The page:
Everybody Lies, But Google May Know the True You.
Has Google become our modern confessional? Former Google data scientist Seth Stephens-Davidowitz discusses how Google knows you better than your friends and family--maybe even yourself. He is the author of Everybody Lies: Big Data, New Data, and What the Internet Can Tell Us About Who We Really Are.
Everybody lies--to friends, families, and their significant other. But we appear to be brutally honest with our Google searches.
We seem to be typing our deepest, darkest fears into the ubiquitous search box. Unlike the curated and somewhat aspirational characters we portray on social media, our Google searches offer a window into the human psyche.
"I think there is something cathartic about telling things to Google that you don’t tell to anybody else," says Seth Stephens-Davidowitz. Stephens-Davidowitz is the author of the best-selling Everybody Lies: Big Data, New Data, and What the Internet Can Tell Us About Who We Really Are, and a former data scientist at Google. He is also a Harvard-trained economist who received his BA in Philosophy from Standford; a data scientist attracted to the bigger questions in life.
To the data scientist, our relationship with Google is acting as a digital truth serum of sorts. What we tell others, and perhaps even what we tell ourselves, is different from how we act with a Google search--what comes out when we feel nobody is watching.
Somebody is watching, of course, and Google has made this data (without identifying characteristics of the searcher) available to researchers and other interested parties. For someone like Stephens-Davidowitz, this is a data goldmine. In the process, we can better understand the gulf between our "stated preference" on surveys and social media, and our "revealed presence" that comes out in Google searches.
In other words, there is a dramatic difference between the Facebook self and the Google self. Given that Facebook is for public consumption, the "social desirability bias" kicks in to influence our expressed beliefs towards those seen as more socially acceptable. Google searches, on the other hand, free us from the confines of social expectations--letting out a more authentic, and perhaps less desirable, self. Are we more racist then we project on social media? Do parents treat their sons and daughters differently, while espousing equalitarian beliefs on Facebook?
Do We Have Multiple Personalities Online?
"I think it is interesting that we learn that people have these multiple identities," says Stephens-Davidowitz. "Cause usually we only see one one of these identities; we see the external identity. With this data we how complicated people are, how they have multiple sides."
Who Are We? is a question we have been pondering throughout the ages, but the trove of data from Google--and its ability to glean insight into the human condition--is adding an unusual twist. Is the real me what I search for? Is this different from what I express to those close to me?
"I think there are scenarios in which a person can’t say something to a partner, but can say something to Google," says Stephens-Davidowitz. The author mentions different situations where a person may feel bothered or insecure about something and wouldn't feel comfortable talking to their significant other about it. A Google search has become a confident of sorts, a non-judgmental therapist. To Stephens-Davidowitz, our Google search habits remind him of a confessional used in Catholicism.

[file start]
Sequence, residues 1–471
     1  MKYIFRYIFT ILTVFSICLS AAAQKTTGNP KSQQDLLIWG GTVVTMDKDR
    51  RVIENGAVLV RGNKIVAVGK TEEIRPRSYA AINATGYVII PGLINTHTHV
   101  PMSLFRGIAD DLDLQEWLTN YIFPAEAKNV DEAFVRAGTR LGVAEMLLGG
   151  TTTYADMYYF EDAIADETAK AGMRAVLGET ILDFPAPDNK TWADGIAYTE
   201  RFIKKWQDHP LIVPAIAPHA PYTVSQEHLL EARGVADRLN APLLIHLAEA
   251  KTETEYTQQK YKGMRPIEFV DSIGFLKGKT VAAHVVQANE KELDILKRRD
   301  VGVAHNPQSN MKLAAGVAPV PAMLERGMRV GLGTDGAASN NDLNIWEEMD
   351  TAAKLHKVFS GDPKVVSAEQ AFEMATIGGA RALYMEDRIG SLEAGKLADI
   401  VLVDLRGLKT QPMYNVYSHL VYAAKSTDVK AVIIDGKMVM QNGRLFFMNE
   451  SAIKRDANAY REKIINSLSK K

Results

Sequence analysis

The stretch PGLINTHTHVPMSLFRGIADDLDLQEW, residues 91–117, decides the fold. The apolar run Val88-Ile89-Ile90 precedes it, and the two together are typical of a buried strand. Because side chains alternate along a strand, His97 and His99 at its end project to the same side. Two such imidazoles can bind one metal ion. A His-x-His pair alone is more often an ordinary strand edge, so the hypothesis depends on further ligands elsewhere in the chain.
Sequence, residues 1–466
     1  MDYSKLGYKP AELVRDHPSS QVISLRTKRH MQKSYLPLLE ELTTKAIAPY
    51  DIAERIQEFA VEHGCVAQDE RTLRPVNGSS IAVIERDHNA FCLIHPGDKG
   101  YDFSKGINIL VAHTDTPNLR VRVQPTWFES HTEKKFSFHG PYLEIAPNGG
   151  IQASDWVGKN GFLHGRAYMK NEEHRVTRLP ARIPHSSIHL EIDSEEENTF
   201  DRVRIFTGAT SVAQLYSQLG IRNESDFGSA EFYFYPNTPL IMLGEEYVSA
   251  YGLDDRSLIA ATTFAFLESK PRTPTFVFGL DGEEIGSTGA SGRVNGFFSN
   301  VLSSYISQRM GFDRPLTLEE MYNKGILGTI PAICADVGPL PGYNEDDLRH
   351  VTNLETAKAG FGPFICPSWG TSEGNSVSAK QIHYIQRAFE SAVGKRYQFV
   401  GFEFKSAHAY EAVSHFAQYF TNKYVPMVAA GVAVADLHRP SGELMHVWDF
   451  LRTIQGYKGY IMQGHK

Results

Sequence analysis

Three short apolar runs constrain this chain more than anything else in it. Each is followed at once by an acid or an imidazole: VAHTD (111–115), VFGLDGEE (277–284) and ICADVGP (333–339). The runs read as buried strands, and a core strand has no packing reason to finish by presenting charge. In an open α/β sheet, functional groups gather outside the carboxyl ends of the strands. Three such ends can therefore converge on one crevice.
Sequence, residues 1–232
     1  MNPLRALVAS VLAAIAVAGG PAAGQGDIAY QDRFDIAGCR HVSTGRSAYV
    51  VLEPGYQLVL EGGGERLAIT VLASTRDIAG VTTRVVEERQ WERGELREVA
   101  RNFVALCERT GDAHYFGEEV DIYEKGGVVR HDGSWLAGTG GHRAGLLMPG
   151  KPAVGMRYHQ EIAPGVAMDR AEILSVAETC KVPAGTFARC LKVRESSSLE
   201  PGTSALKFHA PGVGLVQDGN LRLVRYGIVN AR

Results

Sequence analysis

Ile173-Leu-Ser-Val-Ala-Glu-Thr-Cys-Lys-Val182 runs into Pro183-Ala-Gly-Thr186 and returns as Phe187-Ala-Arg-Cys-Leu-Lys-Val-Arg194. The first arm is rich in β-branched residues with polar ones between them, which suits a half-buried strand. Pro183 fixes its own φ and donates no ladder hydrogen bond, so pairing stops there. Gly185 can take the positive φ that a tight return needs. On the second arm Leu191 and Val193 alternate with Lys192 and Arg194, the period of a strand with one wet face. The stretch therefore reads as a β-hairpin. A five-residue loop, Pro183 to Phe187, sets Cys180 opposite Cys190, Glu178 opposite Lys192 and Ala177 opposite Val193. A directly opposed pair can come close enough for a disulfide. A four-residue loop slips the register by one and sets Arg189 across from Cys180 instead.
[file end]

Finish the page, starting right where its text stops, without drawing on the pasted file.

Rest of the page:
What is the Responsibility of Google?
If Google knows us better than our friends, family, and significant other, that also indicates a potential responsibility. As a de facto therapist or confessional, Google finds itself in a position far more consequential than displaying the best Thai restaurants in town.
Stephens-Davidowitz gives the example of people searching about suicide. Generally speaking, Google takes a completely hands-off approach with their underlying algorithm. Google doesn’t like to mess with the formula, they just like to show you what the formula gives you.
The original search results were hands-off, spitting out the results of the powerful formula as is. “For whatever reason, and this shows a darkness at the heart of the human psyche, some of the top returns initially when searching 'thinking of committing suicide' were message boards where people were telling people to do it." Stephens-Davidowitz continues, "I think Google realized in this case they couldn’t just sit back and let the algorithm show people whatever it was going to show. They had to step in and they put at the top of everything a suicide hotline people could call."
The Power of Predictive Analytics
It has been five years since the viral story about Target knowing a high school girl was likely pregnant before her own father knew. The girl's father was unaware of the pregnancy until he received pregnancy-related coupons from Target, which had connected the buying patterns with a likely pregnancy.
Likewise, Stephens-Davidowitz talks about the power of big data to make some pretty remarkable predictions. He discusses the situation where researchers at Microsoft, using data from Bing searches, could determine whether of not someone was going to get the diagnosis of pancreatic cancer a few months before actually receiving the diagnosis.
With great power, however, comes great responsibility. Predictive analytics, especially in the area of health, raise significant concerns about how the data could be used by employers and others. "There are potential pluses to knowing all this," says Stephens-Davidowitz. "You can potentially diagnose diseases, fight hatred, or help children who are being abused. And there are potential darker sides."
"I don't think big data is good or bad," he says. "Big data is powerful."
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